Archive for June 21st, 2009
Back in the end of 90′s I had been employed with a small startup which was founded to develop a restaurant management system.
The job listing they posted said
PostgreSQL wanted (sic). And PostgreSQL for sure was something I knew about. You see, I already had experience with PostgreSQL by that time. I was able to install PostgreSQL, create a database, run a query against it and even create a trigger in C (I didn’t yet know of pl/pgSQL).
So I applied for the job, got hired and started coding.
Coding what you may ask?
Well, I had no idea. And in fact, nobody did. There were only two requirements for the system.
First, it had to work somehow with a Casio Cassiopeia, which allowed a wireless network module to be installed and used. A waiter had to be able to take your order and it had to get to the kitchen instantly.
Second one was personal. The founders of the company (and me too) used to dine in a small cafe at the basement of the office building. They had a menu, but it didn’t correlate with reality. You literally couldn’t get anything that was in the menu. They were constantly out of meat, out of tomatoes, out of potatoes (potatoes!). Instead they put a small hand-written piece of paper into the menu which listed everything the had at the time (a soup and a something else), that’s if they were in good mood. If they were not, you just placed an order, and a waiter came back in 10 minutes to tell you it was beyond their ability to get some tomatoes and cucumbers to chop you some salad, try ordering something else, thank you.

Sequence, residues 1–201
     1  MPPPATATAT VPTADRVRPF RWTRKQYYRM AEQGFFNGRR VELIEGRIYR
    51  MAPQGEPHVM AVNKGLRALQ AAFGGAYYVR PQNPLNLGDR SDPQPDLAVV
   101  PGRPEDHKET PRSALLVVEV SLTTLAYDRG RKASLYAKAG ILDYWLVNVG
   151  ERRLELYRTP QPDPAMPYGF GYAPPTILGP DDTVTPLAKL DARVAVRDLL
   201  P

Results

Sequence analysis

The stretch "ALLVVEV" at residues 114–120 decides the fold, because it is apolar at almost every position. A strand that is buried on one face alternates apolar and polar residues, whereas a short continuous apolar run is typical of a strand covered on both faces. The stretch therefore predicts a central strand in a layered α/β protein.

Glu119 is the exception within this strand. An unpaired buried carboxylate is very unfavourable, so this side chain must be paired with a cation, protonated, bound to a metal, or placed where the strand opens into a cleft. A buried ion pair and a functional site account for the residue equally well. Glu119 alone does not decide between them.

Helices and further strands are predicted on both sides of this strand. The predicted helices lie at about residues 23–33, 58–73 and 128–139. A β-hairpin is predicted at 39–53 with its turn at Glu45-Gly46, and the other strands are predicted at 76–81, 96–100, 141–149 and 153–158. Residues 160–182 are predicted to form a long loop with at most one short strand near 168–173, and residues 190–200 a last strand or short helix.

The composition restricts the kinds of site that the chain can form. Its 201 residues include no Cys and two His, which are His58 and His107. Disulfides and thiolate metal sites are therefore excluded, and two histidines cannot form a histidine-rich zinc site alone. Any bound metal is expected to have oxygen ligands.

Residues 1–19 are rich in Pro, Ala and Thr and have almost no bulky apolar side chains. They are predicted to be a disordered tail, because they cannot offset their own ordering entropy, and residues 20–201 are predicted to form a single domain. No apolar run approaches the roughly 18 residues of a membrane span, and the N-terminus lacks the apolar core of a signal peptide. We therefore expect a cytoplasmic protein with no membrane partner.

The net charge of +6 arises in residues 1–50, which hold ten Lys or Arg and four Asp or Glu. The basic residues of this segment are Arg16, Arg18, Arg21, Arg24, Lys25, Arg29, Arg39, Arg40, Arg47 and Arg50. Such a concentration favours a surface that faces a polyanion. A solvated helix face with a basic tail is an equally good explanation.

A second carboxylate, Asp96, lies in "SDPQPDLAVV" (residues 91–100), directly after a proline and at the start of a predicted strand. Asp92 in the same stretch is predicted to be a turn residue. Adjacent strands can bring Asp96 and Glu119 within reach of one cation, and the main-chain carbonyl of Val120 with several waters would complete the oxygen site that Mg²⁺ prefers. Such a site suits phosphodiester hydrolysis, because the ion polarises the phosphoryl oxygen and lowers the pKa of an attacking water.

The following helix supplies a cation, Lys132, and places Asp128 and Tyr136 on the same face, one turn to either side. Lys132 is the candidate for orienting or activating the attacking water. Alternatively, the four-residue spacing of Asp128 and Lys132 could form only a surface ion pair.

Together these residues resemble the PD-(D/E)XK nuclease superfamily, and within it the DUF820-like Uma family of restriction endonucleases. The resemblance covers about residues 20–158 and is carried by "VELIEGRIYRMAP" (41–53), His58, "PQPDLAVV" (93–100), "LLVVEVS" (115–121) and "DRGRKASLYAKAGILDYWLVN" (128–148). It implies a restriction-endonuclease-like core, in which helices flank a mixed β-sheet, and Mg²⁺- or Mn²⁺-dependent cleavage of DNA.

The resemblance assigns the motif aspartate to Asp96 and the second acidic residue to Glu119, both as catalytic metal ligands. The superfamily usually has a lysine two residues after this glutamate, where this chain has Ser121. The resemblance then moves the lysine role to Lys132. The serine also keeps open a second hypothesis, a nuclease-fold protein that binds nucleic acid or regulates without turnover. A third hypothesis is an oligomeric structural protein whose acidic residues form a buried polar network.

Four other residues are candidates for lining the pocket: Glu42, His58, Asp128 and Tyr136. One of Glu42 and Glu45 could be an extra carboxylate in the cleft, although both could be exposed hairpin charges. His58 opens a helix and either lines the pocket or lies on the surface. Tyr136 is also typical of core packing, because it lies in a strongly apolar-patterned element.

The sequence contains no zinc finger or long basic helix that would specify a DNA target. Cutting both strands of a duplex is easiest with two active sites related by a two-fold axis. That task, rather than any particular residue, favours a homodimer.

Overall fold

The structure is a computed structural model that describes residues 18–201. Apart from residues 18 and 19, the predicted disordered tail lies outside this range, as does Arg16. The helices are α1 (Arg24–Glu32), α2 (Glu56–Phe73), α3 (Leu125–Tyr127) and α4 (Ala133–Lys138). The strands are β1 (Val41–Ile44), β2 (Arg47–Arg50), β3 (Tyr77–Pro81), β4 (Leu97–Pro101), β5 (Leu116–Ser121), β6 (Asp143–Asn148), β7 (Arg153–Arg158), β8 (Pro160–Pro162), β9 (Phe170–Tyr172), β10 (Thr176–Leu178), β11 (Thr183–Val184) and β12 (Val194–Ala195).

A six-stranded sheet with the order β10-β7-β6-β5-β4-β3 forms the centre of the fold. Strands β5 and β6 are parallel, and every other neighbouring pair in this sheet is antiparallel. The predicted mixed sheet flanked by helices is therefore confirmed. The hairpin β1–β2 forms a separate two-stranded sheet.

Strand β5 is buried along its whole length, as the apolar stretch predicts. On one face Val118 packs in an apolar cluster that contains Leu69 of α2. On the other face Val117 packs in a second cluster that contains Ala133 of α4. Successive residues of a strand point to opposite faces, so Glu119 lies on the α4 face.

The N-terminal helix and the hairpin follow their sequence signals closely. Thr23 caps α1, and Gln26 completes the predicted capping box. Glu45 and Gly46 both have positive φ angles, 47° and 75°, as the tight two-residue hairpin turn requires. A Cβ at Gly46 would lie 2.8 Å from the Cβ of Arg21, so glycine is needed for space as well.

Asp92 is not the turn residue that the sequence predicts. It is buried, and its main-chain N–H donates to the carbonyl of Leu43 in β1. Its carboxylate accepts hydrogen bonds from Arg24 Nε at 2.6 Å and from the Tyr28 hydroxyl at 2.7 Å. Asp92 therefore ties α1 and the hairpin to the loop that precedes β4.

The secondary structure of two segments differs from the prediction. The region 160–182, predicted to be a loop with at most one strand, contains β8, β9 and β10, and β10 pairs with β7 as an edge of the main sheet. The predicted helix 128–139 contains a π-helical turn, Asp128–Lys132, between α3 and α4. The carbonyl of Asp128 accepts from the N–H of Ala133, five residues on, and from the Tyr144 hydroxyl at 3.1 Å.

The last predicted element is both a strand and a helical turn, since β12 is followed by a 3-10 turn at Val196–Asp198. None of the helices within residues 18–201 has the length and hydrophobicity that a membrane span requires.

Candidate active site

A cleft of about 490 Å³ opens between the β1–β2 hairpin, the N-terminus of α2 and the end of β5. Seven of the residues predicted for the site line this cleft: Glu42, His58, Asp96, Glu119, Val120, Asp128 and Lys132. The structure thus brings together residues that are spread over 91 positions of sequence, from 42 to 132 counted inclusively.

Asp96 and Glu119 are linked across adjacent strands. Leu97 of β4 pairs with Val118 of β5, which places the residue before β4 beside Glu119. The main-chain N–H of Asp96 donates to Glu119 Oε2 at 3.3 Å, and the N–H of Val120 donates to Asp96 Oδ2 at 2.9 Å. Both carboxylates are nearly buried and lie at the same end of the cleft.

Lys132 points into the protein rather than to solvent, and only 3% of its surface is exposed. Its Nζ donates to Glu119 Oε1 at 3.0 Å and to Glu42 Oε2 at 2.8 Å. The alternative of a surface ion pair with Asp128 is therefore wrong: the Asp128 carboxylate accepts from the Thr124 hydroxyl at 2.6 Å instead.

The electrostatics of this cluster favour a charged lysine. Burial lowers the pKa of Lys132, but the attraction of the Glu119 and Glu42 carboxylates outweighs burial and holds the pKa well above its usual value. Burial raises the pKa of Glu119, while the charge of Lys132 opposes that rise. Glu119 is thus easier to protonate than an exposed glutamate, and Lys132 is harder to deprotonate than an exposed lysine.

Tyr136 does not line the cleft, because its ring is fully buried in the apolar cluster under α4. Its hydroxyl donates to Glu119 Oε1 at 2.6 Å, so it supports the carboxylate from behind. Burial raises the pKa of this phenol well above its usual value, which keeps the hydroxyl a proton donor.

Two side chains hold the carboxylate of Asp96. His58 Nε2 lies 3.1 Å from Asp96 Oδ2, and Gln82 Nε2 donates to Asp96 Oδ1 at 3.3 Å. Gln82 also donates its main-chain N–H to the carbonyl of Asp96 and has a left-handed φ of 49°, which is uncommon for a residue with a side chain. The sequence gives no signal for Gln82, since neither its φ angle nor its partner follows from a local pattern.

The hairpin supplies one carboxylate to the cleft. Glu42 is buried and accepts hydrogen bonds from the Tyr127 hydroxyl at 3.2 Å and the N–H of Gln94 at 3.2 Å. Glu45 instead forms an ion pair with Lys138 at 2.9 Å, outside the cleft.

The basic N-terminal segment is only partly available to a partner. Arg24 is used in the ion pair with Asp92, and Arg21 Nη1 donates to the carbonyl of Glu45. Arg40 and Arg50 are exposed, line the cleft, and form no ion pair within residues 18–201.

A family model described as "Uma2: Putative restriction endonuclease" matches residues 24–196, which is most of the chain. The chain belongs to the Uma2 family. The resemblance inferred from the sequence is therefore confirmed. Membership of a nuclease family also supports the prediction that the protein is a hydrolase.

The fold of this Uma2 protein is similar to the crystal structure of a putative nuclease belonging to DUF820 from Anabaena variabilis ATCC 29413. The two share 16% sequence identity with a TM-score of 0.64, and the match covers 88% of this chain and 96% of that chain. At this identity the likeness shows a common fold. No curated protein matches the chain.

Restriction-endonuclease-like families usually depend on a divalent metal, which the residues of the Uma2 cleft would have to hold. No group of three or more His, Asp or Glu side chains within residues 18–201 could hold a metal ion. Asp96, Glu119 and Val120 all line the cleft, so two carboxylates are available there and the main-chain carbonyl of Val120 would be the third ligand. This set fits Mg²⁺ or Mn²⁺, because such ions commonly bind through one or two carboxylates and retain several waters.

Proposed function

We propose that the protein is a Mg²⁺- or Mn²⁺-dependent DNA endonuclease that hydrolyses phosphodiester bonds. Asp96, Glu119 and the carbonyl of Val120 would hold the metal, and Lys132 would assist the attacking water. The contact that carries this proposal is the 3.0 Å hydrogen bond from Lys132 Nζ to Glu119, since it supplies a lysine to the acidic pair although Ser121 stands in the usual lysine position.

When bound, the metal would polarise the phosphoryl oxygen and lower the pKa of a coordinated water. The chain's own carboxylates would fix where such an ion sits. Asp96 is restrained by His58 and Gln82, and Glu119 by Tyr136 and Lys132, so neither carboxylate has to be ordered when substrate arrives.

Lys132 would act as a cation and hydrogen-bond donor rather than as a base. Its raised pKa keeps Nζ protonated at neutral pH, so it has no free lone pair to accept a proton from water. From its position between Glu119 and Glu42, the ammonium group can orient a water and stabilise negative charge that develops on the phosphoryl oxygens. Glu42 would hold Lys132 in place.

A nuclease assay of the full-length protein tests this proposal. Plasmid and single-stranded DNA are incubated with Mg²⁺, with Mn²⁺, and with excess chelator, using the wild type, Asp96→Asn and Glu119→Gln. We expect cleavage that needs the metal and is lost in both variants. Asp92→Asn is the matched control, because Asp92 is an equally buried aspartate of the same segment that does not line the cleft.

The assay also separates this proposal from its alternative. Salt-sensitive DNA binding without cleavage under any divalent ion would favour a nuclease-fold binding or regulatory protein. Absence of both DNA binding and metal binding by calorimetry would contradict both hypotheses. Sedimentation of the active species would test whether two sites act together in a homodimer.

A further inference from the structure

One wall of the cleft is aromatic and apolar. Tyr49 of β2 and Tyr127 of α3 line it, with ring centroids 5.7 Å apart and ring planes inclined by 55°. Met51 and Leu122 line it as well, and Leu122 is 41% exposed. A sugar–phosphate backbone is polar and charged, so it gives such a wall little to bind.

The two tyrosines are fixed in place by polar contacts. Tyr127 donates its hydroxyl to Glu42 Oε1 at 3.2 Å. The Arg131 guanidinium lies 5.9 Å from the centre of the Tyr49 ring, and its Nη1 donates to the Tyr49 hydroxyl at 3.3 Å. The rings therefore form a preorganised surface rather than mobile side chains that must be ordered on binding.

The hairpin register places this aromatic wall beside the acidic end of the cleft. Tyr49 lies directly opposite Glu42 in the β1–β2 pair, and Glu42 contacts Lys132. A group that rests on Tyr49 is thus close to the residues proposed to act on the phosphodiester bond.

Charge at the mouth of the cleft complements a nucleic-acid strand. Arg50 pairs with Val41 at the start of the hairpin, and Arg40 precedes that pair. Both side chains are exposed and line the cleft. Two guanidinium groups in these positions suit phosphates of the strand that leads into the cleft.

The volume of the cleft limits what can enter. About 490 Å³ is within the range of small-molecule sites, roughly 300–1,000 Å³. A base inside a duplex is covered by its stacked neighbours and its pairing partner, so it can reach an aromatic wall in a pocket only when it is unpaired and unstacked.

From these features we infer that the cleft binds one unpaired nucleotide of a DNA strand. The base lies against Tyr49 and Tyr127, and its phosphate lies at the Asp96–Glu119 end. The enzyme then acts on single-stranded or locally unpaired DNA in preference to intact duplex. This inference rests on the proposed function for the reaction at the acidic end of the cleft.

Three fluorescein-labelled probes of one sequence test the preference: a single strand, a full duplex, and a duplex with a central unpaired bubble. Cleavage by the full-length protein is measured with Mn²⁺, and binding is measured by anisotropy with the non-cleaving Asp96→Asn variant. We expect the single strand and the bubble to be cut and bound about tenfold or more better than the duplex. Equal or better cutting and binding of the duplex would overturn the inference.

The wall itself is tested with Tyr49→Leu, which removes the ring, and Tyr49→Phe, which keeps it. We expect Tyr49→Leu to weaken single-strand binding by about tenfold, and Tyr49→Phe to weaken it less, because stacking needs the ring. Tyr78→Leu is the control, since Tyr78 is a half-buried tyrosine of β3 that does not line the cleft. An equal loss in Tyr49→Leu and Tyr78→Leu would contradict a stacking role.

In our system, that was never ever going to happen. Never. If the kitchen was short of something they needed to cook you a dish you ordered, the system would warn the waiter instantly, and she would tell you to order something else right this minute, that’s instead of going to the kitchen and back.
It had to be a killer feature.
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